In 1881 the future National League wanted to upgrade its image and target a more upscale fan base by doubling ticket prices, banning gambling, and outlawing alcohol sales. Several team owners who happened to be brewers refused to accept the new rules and banded together to form what would eventually become the American League. The National League attempted to discredit the new league by dubbing it the Beer and Whiskey League. This, of course only made the new league more popular. Duh!

Saturday, April 24, 2004

Power Puff Boys

Bejeezus, anyone care to explain what the hell happened in the American League Friday? Was there some kind of strange epidemic going around causing AL pitchers to throw gopher balls? Or perhaps there is a strange alignment in the stars that has reduced the gravitational pull of the earth ... hmmm, I do feel a bit lighter today. Here are the run and hit totals for the fourteen AL games played on Friday:









Total RunsTotal Hits

Boston @ New York
1319

Cleveland @ Detroit
2021

Toronto @ Baltimore
1423

Seattle @ Texas
1827

Minnesota @ Kansas City
1222

"California" @ Oakland
1319

Tampa Bay @ Chicago
514


With the exception of the Drays/PaleHose game (more on that later), the bats were popping. Now, of course, the numbers are slightly misleading in that with the exception of the Coffee/Cowboy and Twinkies/Roys games, the other four big bat games were embarassing blowouts. The Motor City Kitties, for instance, clobbered the Tribe 17-3. The Damned, er ... I mean the Red Sox, also destroyed the Evil Empire 11-2. In five of the seven games, the winning team scored in the double digits whereas in the NL on Friday only one team, the Stros, managed that feat.

By the way, considering that Mr. Softy (a.k.a. Jose Contreras) has pitched a whopping 11 innings in his last three starts (yes, in three starts not in three relief appearances) and possesses a whopping 10.54 ERA, I think Lucchino not only owes Stoneboner a big apology for calling the Yankees the Evil Empire but should send a nice big bouquet of roses to 161st Street and River Avenue thanking the Yankees for outbidding the perennial Bridesmaids of Baseball for Contreras's services. What a wonderful way to spend $32 Million. Of course, it's still early in the season and you don't worry too much about a few bad starts but as Larry over at Replacement Level Yankee pointed out not too long ago, Yankee Fans currently seem to have a lot not to worry about.

Last October, during the World Series, Torre was roundly criticized (particularly by the more statistically-oriented folks) for refusing to send in his best pitcher, Mariano, in non-save situations. Rob Neyer, in particular, felt compelled to write not just one but two articles on this very topic. Well, I bring this up tonight because I happened to catch the end of the Dodgers/Giants game. I know we normally discuss only the American League but I think Jim Tracy's use of current-Cy-Young winner Eric "the second G is silent" Gagne deserves a special mention. With the score tied 4-4, Gagne came in to pitch in the top of the ninth and tenth innings in order to preserve the tie and give the Dodgers a chance to win (which they eventually did in the bottom of the twelfth inning). It seems to me only common sense that a tie-game in the ninth inning would be just as (if not more) important than going into the ninth with a three-run lead. Oh, if only Bob Melvin had the wisdom of Jim Tracy.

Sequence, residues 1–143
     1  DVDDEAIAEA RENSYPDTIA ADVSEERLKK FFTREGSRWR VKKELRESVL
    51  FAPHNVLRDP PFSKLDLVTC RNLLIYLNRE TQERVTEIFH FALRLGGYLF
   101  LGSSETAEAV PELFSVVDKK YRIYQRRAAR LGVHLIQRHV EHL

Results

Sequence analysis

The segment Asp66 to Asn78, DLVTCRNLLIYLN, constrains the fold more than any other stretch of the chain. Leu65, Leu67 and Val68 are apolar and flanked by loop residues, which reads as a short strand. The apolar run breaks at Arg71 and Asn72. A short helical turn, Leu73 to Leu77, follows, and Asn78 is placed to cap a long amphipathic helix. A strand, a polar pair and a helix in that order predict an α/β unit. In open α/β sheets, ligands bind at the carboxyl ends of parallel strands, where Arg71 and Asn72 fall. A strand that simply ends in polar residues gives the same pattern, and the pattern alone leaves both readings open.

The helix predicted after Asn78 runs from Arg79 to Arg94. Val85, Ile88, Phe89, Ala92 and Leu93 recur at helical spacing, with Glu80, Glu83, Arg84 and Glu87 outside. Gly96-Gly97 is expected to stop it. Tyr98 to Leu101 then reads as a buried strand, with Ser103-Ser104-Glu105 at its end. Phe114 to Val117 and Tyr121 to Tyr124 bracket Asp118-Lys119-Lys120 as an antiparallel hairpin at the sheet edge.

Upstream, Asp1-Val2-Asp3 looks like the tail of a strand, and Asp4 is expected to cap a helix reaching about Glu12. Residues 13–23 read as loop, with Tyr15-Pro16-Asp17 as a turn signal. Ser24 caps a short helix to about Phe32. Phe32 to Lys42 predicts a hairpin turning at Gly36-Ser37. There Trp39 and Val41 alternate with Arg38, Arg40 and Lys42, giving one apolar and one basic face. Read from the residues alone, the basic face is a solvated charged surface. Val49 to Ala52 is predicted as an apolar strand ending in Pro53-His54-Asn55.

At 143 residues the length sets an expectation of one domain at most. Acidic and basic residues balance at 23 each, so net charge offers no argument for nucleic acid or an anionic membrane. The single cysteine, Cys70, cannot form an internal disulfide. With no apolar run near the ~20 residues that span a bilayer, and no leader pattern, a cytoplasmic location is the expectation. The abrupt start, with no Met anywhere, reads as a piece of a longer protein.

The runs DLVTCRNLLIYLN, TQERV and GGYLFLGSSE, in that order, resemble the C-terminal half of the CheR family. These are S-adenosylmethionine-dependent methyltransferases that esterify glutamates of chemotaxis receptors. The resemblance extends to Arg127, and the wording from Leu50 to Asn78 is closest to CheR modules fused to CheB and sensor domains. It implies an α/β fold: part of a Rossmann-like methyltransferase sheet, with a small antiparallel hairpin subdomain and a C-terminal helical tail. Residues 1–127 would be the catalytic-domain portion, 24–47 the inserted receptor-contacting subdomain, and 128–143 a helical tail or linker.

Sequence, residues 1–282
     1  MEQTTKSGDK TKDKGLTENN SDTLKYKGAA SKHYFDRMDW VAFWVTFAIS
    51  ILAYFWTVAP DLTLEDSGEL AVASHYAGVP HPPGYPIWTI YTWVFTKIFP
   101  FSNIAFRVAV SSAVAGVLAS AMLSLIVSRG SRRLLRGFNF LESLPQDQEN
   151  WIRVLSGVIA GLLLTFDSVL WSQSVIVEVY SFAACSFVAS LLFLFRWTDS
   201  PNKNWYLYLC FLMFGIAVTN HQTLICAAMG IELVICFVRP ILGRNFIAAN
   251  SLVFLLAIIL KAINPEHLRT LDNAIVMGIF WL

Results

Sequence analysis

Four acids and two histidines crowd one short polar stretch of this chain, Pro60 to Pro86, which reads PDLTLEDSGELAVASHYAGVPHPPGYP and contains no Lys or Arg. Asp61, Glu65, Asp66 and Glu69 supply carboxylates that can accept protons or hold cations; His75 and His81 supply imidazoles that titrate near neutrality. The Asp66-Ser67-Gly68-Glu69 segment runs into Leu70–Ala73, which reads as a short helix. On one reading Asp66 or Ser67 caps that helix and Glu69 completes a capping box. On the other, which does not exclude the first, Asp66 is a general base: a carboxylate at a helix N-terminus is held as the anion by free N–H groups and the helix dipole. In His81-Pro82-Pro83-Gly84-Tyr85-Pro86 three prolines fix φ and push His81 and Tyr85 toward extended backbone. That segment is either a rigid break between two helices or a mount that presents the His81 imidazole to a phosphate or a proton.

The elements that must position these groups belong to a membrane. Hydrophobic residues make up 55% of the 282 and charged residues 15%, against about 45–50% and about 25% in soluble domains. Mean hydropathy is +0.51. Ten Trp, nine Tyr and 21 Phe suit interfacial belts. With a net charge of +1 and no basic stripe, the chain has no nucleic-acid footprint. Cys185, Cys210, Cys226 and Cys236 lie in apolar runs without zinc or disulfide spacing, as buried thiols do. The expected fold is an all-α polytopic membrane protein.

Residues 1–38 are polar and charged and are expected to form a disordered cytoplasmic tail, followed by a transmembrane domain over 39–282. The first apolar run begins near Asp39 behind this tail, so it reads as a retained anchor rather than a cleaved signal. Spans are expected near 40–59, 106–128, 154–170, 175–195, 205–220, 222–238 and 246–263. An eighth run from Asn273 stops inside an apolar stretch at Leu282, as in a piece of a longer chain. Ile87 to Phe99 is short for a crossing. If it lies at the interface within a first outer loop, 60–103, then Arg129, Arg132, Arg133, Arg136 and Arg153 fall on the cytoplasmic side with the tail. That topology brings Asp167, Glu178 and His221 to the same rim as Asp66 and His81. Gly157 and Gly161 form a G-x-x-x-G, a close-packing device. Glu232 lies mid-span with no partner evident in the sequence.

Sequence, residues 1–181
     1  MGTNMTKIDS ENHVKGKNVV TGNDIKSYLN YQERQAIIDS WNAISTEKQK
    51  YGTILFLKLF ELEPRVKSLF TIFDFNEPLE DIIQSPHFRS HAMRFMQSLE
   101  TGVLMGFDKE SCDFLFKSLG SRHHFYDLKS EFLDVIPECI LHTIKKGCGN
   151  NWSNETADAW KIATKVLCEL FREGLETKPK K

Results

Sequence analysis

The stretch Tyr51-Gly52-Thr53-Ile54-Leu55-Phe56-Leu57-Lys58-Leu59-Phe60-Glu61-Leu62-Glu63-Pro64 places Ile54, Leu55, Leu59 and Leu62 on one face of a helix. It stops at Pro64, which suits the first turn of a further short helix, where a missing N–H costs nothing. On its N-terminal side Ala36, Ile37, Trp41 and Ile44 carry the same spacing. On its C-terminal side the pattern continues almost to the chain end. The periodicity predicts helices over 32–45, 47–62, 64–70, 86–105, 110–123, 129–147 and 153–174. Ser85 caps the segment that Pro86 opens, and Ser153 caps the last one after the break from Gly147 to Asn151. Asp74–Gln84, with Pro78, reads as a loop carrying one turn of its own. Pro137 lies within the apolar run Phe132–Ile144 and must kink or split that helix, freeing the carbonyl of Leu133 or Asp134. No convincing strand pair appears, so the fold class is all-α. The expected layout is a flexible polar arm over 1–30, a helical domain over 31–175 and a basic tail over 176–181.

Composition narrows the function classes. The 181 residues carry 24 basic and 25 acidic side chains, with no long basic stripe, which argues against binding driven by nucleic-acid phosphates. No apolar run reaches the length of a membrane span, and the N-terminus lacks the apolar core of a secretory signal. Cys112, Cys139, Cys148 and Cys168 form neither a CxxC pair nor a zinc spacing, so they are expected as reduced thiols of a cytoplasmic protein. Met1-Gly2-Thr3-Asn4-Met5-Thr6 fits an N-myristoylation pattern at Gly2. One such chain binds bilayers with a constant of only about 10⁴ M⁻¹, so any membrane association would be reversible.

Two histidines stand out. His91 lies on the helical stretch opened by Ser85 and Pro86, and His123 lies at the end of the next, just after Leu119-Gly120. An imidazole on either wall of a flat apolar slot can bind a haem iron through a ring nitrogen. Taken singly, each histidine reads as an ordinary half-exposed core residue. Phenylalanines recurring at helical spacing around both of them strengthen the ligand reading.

And finally, returning briefly to the Drays/PaleHose game: in my not very humble opinion, this should have been the marquee game of the day. Of course, according to national media outlets, the big news was on the Angels/A's and the RedSox/Yankees. But, in the little-recognized game today in Chicago, there was an excellent pitching match-up between Zambrano (3-1) and Loaiza (3-0). Potentially, one of these two pitchers would have come out as the first four-game winner of the season (athough, as luck would have it, both ended up with a no-decision) While winning four games 's not necessarily a significant milestone, I think the fact the first four-game winner is not wearing pinstripes or has an elephant embroidered on his uniform should be an interesting story. But, of course it's not .

Ok, it's late and I've written for far longer than I had intended so I'm going to end it here. I just want to add a quick note thanking you folks for your great e-mails. I will get to them in my next post and (drum roll please), I will finally have a formula to indicate the infamous Affordability Index.